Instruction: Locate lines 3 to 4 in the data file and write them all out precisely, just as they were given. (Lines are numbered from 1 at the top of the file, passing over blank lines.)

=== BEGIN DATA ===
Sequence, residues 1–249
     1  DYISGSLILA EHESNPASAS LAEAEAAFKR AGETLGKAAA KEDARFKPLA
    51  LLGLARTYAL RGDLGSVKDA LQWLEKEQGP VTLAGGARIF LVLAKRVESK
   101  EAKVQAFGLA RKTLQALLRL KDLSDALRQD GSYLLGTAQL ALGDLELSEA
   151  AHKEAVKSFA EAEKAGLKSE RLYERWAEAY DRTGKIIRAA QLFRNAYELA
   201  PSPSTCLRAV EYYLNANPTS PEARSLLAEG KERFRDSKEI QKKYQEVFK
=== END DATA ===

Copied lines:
    51  LLGLARTYAL RGDLGSVKDA LQWLEKEQGP VTLAGGARIF LVLAKRVESK
   101  EAKVQAFGLA RKTLQALLRL KDLSDALRQD GSYLLGTAQL ALGDLELSEA